* Toumaï, the Human Adventure
* From Tchadanthropus uxoris to Sahelanthropus tchadensis and Among the ‘Fossils Orphans’
* Saharan Scientific Missions
* Participants to Saharan Scientific Missions
* Discovery Contexts
* Toumaï Shows the Teeth
* Toumaï Shows the Orbital and Foramen Magnum planes
* Was Toumaï (Sahelanthropus tchadensis) Buried ? and Research to Date the Skull
On July 19, 2001, early morning, the head (skull and mandible) of a hominid was discovered in the Chadian Sahara in the midst of the dunes of the Djourab erg. Very ancient, due to the testimony of the fauna surrounding them, and particularly well preserved, these fossils are in line with the fundamental discoveries allowing to retrace the origins of the Man. An hominid femur was among the fossils that an anonymous hand had placed near the head ('Was Toumaï (Sahelanthropus tchadensis) buried ?).
The inventors ('those who discover a treasure' according to the Larousse dictionary) are four, three Chadians (Fanoné Gongdibé, licentiate in natural sciences from the University of Yaoundé, an engineer in the Department of Mines and Geology of the Ministry, déetached to the National Center for Research Support (CNAR) of the Ministry of Higher Education, Ahounta Djimdoumalbaye, licentiate in natural sciences from the University of N'Djaména, a CNAR vacant, and Mahamat Adoum, a CNAR contractual) and a French scientist (Alain Beauvilain, doctor es Letters-geography), detached from the University of Paris X Nanterre to the French Ministry of Foreign Affairs, serving at CNAR as head of the Cooperation Project 'Supporting Paleontological Research. Alain Beauvilain was the chief of this mission. Issa Adoum, initially planned, could not participate in the mission.
Above, TM 266, 8 h, Sahelanthropus tchadensis, 'Toumaï', replaced in its exact position of discovery.
Below, a few minutes later, Sahelanthropus tchadensis, 'Toumaï', placed for the photo, in the center of an assemblage of fossils, including an hominid femur, disposed thus from an unknown date. The mandibular symphysis has not yet been displaced because it has not yet been identified as such.
Photographs Alain Beauvilain
And to say that the smallest sediments fixed on the skull (not even one gram) have not been preserved in the Palaeontology laboratory of the University of Poitiers to allow an attempt at dating from sediments directly related to the skull and not taken several years later on the site. (Relatives et absolutes dating). Photographs Alain Beauvilain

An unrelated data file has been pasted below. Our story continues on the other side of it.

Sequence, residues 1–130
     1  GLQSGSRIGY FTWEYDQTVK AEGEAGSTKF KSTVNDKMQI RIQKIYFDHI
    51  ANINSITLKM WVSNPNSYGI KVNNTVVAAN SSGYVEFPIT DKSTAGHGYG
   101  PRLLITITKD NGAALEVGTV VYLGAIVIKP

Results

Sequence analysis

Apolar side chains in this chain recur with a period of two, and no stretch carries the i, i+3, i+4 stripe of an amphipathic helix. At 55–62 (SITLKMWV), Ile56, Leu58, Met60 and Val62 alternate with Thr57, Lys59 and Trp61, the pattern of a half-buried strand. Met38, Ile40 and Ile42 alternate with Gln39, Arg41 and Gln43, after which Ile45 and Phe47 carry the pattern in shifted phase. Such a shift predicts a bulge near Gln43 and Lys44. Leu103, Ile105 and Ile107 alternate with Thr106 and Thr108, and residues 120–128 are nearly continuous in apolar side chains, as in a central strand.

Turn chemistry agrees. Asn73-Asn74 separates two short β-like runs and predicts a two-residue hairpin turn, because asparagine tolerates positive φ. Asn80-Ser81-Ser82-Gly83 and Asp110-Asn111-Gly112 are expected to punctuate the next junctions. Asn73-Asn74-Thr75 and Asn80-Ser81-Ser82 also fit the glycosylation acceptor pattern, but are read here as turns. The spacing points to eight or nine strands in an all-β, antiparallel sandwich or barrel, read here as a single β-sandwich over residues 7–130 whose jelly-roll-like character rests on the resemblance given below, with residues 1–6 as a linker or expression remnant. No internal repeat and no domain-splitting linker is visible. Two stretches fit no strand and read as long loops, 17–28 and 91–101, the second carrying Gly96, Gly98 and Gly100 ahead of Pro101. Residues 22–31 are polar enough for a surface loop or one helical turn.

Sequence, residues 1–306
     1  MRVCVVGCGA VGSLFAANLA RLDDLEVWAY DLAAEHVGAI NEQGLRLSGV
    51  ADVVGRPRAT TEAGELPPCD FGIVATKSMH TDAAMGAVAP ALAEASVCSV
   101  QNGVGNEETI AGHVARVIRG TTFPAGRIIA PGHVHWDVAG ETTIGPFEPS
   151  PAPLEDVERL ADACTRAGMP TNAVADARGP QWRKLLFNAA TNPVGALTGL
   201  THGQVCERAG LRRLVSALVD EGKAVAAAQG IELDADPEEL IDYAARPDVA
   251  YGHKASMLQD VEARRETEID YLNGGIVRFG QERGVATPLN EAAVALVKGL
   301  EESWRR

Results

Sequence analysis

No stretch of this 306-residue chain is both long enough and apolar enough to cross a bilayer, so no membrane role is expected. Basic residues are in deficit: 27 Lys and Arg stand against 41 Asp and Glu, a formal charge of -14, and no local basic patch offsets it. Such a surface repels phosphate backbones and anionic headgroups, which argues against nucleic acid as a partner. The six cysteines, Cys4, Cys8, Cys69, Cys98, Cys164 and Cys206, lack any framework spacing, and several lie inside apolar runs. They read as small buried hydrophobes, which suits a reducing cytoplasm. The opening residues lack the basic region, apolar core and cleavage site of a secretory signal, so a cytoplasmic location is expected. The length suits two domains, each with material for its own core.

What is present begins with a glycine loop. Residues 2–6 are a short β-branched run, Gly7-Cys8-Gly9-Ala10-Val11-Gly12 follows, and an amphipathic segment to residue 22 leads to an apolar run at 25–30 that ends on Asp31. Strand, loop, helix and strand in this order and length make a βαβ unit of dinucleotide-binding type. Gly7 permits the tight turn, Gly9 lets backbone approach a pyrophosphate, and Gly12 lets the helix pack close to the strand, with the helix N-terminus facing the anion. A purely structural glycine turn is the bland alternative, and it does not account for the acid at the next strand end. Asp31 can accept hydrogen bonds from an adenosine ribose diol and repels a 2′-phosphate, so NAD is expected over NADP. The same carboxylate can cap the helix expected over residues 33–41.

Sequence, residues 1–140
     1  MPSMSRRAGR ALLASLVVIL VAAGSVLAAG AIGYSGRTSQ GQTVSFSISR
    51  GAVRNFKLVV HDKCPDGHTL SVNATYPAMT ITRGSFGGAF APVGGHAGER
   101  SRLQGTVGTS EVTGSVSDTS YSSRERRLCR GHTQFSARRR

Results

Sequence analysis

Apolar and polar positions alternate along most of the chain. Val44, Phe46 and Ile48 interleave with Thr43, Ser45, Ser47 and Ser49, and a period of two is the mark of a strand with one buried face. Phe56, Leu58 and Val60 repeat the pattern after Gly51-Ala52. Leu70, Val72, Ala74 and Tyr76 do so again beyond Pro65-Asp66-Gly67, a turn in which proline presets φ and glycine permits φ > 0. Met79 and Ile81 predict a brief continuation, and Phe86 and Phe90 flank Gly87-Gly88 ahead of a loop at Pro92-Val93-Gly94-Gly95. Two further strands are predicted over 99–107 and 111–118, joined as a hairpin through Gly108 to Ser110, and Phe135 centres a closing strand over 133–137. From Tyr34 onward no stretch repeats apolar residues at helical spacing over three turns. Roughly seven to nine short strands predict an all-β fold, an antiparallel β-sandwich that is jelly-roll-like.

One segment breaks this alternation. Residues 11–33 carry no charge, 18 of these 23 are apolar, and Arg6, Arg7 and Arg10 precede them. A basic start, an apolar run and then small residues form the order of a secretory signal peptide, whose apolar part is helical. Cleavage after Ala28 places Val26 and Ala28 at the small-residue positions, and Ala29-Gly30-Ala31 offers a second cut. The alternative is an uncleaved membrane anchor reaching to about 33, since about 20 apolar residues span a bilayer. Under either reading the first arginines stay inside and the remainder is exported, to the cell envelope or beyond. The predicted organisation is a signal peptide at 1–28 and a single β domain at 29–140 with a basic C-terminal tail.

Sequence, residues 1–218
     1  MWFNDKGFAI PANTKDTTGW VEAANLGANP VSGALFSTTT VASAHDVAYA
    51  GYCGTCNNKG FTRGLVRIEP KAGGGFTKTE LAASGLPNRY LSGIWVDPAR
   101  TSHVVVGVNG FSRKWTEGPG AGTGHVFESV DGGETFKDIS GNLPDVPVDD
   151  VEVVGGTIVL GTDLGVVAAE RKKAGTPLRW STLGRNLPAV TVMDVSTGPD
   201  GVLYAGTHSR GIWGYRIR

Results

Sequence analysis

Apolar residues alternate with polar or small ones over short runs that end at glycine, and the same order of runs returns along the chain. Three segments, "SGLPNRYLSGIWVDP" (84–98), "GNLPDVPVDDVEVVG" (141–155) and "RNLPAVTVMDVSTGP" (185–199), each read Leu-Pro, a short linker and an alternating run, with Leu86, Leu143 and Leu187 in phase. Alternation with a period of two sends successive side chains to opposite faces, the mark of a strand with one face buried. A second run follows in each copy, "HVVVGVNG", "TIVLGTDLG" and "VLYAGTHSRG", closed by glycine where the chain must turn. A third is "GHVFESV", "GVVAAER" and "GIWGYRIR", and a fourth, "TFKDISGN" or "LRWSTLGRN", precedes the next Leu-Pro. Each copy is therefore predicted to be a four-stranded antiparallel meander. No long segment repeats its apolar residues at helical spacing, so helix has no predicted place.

The right profile of Toumaï (before the missing part of the canine - found when and by whom? - is not properly subsequently glued) and the base of the skull with the foramen magnum visible. Photograph Alain Beauvilain.
(More details on teeth : Toumaï shows the teeth)
The base of the skull and the place of the foramen magnum ('occipital hole') clearly visible in a female gorilla, an australopithecine and in Sahelanthropus tchadensis before reconstruction (photo of the original on TM266, the site of discovery), and after reconstruction.
The 'femur of Toumaï', an hominid femur found on July 19, 2001 among the fossils adjoining the head of Toumaï (photograph Aude Bergeret)
A degraded hominid femur was found near the cranium of Sahelanthropus tchadensis (Toumaï). Quickly identified as such, it will require an insinuation by Alain Beauvilain in the South African Journal of Science, Vol 100, September-October 2004, then his photograph in the Anthropologie XLVII/1-2 pp. 1-6 2009 so that its existence is more widely known.
To know more : John Hawks : 'Sahelanthropus 'the femur of Toumaï'
Cataloging and packaging of fossils found near the head of Toumaï.
Photograph Alain Beauvilain.
Around 2 pm on 19 July 2001, last looks, last observations before packing.
Photograph Mahamat Adoum.
19 July 2001, careful packaging of Toumaï. The inventors, who had understood from the first moment the importance of their discovery, wanted the 'whole world' to see the ancestor of Man exactly in its initial appearance. Photograph Alain Beauvilain
End of August 2001, presentation by the four inventors, the discoverer (Michel Brunet) and the Director of the CNAR (Baba El Hadj Mallah) of the Toumaï skull to his Excellency Idriss Déby, President of the Republic of Chad.
Herbert Thomas, honorary assistant director of the Palaeoanthropology and Prehistory Laboratory at the Collège de France, devotes the last pages of his book 'Where is man coming from? The challenge of our origins' (Acropolis, 2005) to the discovery of Toumaï. After specifying that between ‘the inventor and the discoverer, there is only a narrow space that allows history to play on the words', he specifies that ‘at the beginning of July 2001 Alain Beauvilain and his teammates brought the essential without which, without doubt, everything else would never have been'
Comparison of the Sahelanthropus tchadensis femur